5. 5. Ruth Ford – The National Archives Blog Why was it set up? • Part of a larger social media policy • Goal of transparency and openness • An attempt to emphasis a human element to the archives • As staff at the TNA are civil servants they operate under a strict set of guidelines and their public relations are usually a ‘we’ rather than an ‘I’. Blogs allowed staff to use an informal and ‘personal’ voice for a change How the blog is managed • A long-term plan in place to ensure the content continues • Staff asked to agree to provide posts for at least 6 months • Centrally managed by web team • Posts scheduled 1 month in advance with 3-4 posts per week
  6. 6. Margaret Makepeace and Penny Brook – The Untold Lives blog (British Library) Why was it set up? • One of many blogs operated by the BL – initial set up considerations already in place, but similar to those considered by TNA. • Also shared goal of transparency and openness • Also interested in emphasising the human voice through a storytelling approach • An approval process was required and the theme needed to be flexible enough for collaborative blogging. How the blog is managed • 2 editors acting as gatekeepers • Schedule which includes key dates in the year – an attempt to tailor posts to events that are current. • 5-10 posts as back up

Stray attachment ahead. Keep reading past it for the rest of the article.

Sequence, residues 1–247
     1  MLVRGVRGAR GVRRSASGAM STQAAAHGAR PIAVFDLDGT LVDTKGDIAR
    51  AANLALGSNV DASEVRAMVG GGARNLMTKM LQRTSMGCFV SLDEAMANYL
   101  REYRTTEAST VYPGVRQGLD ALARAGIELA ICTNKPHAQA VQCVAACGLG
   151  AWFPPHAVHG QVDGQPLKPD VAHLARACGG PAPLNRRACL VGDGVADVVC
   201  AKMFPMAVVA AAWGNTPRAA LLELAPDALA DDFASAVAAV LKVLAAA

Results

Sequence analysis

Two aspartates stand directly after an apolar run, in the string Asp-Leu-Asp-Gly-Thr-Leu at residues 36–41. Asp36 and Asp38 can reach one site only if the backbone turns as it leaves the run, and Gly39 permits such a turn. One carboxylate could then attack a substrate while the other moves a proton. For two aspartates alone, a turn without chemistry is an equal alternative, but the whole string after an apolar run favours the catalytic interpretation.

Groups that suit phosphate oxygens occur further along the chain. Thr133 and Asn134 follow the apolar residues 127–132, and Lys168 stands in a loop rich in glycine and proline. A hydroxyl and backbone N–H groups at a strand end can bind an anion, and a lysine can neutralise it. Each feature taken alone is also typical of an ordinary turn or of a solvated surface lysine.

7. 7. Caroline Dodds Pennock – The History Matters blog (Dept. of history, Sheffield) Why was it set up? • To raise the profile of the departments research. • To engage with a wider audience and to demonstrate the relevance of academic history in today’s world. • A theme in which a department with diverse interests can all participate How the blog is managed • A schedule is maintained with important events noted and staff expertise called upon where relevant • Entirely voluntary but a growing interest from staff – some regularly take part, others occasionally.